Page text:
Get Low 

Wake Up: Get Low’s risky tale of forgiveness mostly pays off.

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  • Get Low
I suppose Aaron Schneider knows a thing or two about how to make a cold, gray, stark wintry movie look even more Great Depression-y: washing out the colors, tweeding everyone up, getting lots of sad browns and golds on the screen. Schneider’s a cinematographer, see, making his feature debut as a director with Get Low (though he did win an Oscar for his 2003 just-short-of-feature-length short Two Soldiers), and if there’s something Get Low has in spades, it’s atmosphere: The film is visually cold and spare, and agreeably so, while at the same time it’s emotionally warm and expressive.

The look comes via cinematographer David Boyd, who also shot the Depression-set Kit Kittredge: An American Girl as well as Joss Whedon’s short-lived TV series Firefly, which had a similar palette. The story comes via screenwriters Chris Provenzano (TV’s Mad Men), C. Gaby Mitchell (Blood Diamond), and Scott Seeke, vaguely inspired by the true fact of a Tennessee man who, in 1938, decided to throw himself his own funeral, so he could enjoy it while he was still alive.

The rest of the details of the story here of the fictional Felix Bush, beyond the throwing of his own funeral, are invented, and there’s where Get Low stumbles, just a little. There’s something a little too spare, a little too frugal in how the film doles out its tale of a hermit feller—played with the lovely restrained tension Robert Duvall typically brings to a character—who has been living out in the back of beyond for 40 years. He’s the kind of scary hermit about whom women say things like, “I heard all sorts of awful stories about him when I was a kid,” and about whom men say they don’t want him near their women and children. The awful things Felix is purported to have done are never mentioned, not even alluded to, yet they must be quite desperate indeed to provoke such reactions.

It’s almost as if there are two separate, diametrically opposed stories here: that of the town and the folk who ungenerously vilify a strange old man (even though they mostly seem like decent people, otherwise), and that of the strange old man and what brought him to hermitify himself. And though these would seem to be complementary stories, they never quite mesh, either in plot or tone. Felix’s desire to invite entire counties to his funeral so he can hear the tales they have to tell about him becomes particularly mysterious when, as Felix’s past begins to become clear to us—it seems to have something to do with a long-gone romance with Mattie Darrow (Sissy Spacek), who’d moved away but now, widowed, has returned home—we discover (no spoilers!) that his past is a secret: no one can have known why Felix has been punishing himself all these years.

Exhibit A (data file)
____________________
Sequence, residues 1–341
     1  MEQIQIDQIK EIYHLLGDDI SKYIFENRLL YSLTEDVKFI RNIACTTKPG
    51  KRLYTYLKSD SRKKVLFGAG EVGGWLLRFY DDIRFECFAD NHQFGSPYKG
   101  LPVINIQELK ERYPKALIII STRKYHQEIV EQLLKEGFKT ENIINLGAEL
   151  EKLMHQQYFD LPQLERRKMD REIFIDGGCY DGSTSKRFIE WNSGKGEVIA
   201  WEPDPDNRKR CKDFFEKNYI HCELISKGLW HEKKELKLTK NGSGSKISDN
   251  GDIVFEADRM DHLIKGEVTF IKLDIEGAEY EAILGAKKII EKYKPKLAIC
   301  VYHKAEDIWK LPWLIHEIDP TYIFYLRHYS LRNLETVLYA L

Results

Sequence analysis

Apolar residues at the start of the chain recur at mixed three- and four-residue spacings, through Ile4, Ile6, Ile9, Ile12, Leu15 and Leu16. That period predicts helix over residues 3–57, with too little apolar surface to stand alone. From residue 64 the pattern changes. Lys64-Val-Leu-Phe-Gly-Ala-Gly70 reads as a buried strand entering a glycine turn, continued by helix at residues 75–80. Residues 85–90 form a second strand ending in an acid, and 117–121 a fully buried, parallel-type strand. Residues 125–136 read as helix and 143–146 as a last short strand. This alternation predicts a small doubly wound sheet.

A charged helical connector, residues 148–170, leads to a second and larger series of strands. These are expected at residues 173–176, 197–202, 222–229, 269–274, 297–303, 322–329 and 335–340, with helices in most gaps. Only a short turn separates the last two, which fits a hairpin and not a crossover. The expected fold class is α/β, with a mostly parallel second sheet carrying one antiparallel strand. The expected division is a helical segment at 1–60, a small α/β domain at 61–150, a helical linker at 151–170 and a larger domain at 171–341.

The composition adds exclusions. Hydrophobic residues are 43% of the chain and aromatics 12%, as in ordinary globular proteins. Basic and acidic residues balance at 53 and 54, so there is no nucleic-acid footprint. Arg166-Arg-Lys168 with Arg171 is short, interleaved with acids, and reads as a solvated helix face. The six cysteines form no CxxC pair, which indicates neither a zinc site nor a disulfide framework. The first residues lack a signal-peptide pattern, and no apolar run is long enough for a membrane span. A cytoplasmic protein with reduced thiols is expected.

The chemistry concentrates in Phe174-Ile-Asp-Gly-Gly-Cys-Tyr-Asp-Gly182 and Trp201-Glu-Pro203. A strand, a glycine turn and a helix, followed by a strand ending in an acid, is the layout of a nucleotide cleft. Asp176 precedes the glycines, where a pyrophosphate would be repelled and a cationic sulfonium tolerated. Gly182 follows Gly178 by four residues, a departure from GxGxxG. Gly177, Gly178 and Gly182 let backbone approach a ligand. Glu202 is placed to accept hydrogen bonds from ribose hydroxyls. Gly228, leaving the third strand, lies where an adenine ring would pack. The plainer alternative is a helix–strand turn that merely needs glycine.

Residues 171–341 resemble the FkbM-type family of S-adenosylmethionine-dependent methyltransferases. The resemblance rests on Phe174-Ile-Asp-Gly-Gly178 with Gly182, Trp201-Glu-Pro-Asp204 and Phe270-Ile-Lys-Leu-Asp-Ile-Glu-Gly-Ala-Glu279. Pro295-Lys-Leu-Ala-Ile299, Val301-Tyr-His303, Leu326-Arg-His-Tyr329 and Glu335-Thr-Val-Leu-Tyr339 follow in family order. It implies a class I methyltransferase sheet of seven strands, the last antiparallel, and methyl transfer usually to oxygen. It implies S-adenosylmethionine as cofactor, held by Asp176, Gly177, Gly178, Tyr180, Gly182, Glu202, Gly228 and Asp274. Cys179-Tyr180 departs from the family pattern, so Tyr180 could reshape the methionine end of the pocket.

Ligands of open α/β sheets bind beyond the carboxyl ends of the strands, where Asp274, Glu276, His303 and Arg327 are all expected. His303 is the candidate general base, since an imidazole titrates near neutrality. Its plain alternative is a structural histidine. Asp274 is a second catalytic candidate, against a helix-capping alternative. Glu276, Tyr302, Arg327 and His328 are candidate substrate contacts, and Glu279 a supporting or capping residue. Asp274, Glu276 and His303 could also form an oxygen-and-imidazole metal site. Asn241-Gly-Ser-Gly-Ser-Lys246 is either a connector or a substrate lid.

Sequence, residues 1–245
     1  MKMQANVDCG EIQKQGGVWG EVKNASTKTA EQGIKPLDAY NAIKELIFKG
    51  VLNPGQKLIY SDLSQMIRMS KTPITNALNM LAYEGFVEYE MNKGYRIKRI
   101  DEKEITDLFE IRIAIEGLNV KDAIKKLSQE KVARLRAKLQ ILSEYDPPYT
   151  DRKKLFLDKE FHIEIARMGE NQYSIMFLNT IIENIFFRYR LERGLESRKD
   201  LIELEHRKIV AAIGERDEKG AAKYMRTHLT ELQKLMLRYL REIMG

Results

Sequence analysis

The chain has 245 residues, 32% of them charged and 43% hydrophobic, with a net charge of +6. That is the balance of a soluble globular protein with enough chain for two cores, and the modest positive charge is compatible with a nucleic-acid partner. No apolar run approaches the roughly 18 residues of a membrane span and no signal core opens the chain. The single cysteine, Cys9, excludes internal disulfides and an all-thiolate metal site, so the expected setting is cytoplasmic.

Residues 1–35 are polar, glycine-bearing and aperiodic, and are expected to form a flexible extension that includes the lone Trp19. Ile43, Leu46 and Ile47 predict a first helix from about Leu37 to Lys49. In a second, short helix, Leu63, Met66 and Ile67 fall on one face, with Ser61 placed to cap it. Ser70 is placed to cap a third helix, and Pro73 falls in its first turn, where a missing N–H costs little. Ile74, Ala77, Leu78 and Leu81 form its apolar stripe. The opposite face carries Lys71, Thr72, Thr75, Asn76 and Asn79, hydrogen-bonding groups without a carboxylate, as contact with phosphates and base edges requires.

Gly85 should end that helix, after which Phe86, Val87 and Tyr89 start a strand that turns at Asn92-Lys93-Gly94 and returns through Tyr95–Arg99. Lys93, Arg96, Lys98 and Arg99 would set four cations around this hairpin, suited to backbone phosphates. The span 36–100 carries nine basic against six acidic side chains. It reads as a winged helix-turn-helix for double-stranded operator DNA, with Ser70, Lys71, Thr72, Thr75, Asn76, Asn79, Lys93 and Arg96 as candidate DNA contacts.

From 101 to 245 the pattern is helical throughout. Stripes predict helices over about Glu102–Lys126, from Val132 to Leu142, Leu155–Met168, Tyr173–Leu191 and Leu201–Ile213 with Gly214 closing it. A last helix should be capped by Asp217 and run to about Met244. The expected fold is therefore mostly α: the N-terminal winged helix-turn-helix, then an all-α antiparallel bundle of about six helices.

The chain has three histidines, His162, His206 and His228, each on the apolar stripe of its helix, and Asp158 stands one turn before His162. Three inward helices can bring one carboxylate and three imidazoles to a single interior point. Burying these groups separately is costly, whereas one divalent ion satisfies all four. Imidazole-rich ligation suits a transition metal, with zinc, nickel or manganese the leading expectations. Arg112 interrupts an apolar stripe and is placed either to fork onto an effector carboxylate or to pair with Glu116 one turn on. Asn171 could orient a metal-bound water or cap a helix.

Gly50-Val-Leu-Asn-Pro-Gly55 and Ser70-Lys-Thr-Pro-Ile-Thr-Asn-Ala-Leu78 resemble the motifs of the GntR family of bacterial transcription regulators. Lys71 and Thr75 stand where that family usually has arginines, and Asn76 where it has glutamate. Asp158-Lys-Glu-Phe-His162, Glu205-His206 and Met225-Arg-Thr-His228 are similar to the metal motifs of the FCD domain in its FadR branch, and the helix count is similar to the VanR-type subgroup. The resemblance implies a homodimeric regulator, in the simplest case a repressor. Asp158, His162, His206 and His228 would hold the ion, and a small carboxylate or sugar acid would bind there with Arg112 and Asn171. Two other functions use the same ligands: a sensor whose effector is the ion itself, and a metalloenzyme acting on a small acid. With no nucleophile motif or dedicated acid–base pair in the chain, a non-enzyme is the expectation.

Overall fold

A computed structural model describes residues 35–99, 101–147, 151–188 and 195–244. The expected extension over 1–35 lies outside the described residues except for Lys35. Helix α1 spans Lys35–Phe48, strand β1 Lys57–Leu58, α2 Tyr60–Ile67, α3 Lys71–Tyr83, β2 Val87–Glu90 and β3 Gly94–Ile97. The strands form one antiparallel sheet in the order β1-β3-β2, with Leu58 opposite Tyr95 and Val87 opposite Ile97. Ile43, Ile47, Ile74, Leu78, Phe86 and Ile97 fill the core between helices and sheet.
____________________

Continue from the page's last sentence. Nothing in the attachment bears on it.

Felix’s tale is woefully tragic—his scoffing about how “he don’t need to ask Jesus for forgiveness, since [Felix] never did nothing to him,” strikes me as one of the more forlornly sad things I’ve ever heard from a character who appears to otherwise value the notion of a forgiving Jesus. But, it’s just a tad uncomfortably at odds with the town side of the story, represented mostly by funeral-home director Frank Quinn and his junior partner, Buddy. Bill Murray deadpans some sharply, deviously funny lines as a man fighting his own demons, all on his own among the cast successfully juggling the bitter and sweet here. (Perhaps Murray was meant to be a fulcrum on which to balance the two sides of the story? If so, it’s an admirable attempt on Schneider’s part, even if it doesn’t quite work.) The real find of the film is, however, Lucas Black. He’s not an actor I’d been impressed with previously, but he steals the film as the kind, honest Buddy, a gentle counterpoint to both Duvall’s irascibility and Murray’s acerbity.

Still, though everything may not come together as it should, there’s something satisfying, in the end, about Get Low’s individual parts, even separately. The film takes risks with itself, and almost makes it work—and that’s infinitely more rewarding than a film that walks a well-trodden path right down the middle.


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Robert Duvall, Lucas Black, Bill Murray

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